ESDP has made progress operationally with several missions in new geographical areas (Indonesia, Palestine, Darfur). The European Union’s civil and military actions have increased in number, even if most of them are of limited scope. The process of reinforcing capabilities has started. A European Security and Defence College has been created.
The political dimension of ESDP
European Security and Defence Policy (ESDP) is progressing, slowly but surely, and appears unaffected by the occasional political hiccup. During the second half of 2005 it could have been derailed by any one of several events: the French ‘no’ in the constitutional referendum; the German elections, with the arrival in power of Angela Merkel, well known for her pro-American positions; or the United Kingdom’s six-month assumption of the presidency of the Union on 6 July 2005. It cannot be said that any of these factors had any real effect on the ESDP development process. On the contrary, operational activity covered by the ESDP extended to new areas, confirming the new European policy of positive engagement, and not just the issuing of declarations. In February 1992 the Maastricht Treaty created the instrument necessary for joint action; ESDP operations today show its effectiveness, and are transforming the EU into a real actor on the world stage.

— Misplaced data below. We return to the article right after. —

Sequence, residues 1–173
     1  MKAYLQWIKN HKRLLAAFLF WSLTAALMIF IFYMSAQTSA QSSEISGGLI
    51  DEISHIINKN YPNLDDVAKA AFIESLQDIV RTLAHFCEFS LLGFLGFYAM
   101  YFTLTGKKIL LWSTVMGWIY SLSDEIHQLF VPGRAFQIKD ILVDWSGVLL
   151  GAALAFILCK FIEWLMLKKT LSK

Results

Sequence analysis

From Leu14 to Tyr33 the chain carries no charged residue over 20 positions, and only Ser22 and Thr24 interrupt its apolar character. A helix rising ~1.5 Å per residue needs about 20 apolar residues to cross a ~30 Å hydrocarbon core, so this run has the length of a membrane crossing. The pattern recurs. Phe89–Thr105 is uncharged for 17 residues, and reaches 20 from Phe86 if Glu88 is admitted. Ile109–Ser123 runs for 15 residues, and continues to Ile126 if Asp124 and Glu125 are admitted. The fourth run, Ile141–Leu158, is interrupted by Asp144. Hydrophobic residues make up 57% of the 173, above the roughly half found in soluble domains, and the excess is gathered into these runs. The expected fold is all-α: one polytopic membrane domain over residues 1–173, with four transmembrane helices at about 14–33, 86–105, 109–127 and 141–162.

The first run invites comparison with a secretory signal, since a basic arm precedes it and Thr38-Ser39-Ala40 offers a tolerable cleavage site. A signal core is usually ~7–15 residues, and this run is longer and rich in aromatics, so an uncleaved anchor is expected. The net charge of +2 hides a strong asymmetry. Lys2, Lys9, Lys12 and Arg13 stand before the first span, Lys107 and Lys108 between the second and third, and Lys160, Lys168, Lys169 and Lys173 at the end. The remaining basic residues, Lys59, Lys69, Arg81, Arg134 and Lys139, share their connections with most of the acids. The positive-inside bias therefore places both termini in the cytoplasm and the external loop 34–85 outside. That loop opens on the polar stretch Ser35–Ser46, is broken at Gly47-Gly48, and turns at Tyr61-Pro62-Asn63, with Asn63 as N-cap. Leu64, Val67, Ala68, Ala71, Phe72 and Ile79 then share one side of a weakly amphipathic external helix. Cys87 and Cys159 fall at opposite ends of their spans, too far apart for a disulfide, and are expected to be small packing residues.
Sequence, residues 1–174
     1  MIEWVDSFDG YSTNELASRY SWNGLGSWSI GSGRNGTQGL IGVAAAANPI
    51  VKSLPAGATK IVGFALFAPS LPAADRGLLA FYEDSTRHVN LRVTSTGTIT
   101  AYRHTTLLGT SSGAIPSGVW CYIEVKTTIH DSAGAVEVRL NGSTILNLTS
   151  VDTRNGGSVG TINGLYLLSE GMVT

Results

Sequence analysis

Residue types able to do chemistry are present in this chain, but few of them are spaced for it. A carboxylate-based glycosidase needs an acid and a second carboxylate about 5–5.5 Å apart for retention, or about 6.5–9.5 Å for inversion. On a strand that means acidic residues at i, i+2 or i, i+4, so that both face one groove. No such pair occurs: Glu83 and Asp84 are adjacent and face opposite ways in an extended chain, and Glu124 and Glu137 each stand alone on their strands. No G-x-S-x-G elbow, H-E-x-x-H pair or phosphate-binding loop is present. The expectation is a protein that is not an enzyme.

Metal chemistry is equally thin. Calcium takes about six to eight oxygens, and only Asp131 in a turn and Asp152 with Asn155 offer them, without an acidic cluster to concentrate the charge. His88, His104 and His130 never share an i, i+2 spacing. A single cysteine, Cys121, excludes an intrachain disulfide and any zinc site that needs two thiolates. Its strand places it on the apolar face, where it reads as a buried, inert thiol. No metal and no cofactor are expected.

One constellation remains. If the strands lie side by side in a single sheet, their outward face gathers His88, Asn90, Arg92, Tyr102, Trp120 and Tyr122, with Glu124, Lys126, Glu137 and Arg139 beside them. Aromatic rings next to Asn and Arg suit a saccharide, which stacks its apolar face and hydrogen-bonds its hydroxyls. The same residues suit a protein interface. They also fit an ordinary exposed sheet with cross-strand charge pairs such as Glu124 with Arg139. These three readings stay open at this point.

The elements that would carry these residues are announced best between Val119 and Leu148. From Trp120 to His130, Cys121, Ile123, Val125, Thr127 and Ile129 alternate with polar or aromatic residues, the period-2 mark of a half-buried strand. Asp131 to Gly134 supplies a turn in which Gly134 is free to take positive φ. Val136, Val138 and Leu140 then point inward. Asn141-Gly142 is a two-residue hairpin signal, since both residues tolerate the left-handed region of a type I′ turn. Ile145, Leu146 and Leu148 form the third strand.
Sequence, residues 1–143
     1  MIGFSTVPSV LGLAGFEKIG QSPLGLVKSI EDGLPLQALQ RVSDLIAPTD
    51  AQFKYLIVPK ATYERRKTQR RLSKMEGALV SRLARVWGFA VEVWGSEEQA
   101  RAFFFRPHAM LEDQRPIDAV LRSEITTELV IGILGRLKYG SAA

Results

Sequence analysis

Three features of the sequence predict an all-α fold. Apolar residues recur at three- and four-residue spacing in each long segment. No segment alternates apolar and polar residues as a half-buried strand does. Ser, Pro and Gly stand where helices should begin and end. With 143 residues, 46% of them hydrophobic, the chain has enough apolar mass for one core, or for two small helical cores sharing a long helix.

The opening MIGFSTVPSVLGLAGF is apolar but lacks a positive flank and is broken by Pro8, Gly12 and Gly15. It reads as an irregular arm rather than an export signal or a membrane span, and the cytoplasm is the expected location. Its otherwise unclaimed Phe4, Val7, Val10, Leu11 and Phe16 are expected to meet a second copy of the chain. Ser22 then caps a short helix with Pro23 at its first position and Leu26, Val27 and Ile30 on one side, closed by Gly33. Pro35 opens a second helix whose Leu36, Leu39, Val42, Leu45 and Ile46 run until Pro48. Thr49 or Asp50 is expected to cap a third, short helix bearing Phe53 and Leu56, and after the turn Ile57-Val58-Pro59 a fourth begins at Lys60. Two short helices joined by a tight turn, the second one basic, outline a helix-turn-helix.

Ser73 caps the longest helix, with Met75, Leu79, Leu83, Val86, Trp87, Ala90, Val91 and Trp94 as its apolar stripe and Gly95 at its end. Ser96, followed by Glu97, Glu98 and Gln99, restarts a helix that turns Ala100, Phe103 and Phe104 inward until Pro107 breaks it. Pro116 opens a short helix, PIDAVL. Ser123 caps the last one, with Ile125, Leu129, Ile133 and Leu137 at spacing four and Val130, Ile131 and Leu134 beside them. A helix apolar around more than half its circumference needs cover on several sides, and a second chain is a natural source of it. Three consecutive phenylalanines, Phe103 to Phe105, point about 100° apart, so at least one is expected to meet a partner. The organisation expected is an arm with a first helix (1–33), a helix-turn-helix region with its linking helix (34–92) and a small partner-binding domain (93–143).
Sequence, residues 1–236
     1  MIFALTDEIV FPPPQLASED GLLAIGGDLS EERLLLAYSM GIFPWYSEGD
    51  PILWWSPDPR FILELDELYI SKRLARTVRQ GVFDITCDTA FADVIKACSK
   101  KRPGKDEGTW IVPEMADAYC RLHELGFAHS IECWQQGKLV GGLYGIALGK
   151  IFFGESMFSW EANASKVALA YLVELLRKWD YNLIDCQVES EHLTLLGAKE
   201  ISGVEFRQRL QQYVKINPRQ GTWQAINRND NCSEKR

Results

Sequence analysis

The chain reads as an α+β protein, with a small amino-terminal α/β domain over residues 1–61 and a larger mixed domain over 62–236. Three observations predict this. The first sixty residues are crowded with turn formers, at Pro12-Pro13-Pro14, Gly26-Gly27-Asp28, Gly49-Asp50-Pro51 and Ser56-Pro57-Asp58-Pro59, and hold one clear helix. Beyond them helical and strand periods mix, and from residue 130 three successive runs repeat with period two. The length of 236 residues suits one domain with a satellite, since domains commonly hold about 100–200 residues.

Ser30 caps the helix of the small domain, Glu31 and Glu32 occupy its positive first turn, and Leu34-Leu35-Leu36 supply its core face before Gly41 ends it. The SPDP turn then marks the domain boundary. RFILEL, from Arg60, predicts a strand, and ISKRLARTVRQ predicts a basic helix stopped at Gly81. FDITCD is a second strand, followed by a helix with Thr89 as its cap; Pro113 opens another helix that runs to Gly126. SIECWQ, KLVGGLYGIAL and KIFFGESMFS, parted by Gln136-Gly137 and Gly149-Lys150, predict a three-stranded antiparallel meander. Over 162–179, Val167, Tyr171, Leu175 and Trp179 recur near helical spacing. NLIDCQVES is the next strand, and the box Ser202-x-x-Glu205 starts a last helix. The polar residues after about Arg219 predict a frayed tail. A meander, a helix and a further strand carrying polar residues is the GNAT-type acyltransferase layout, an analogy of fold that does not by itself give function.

On the European continent the Union is conducting operations in the Balkans, in Georgia, and also on the Moldova-Ukraine border, confirming its intention to act effectively in those countries of the former Soviet Union considered relevant to a neighbourhood policy. In the Middle East the Iraq operation is complemented by Palestine, where the Europeans (as the principal providers of aid) are trying to play a political role. In Africa the EU is present in the Darfur region of Sudan, and is continuing its operation in the Democratic Republic of Congo (DRC). Finally, the ESDP is represented in South-East Asia for the first time, with a mission in the Aceh region of Indonesia.
Even though operational activity is developing, the tasks actually completed in the ESDP context remain limited. In most cases the operations are either civil or civil-military, and the scenarios for intervention seem to be restricted to low-intensity operations. The European Union is still a civil power which is moving carefully in a military direction. The capability reinforcement process should lead it closer to military power, even if the current limits of the process leave some doubt as to the final form of ESDP.
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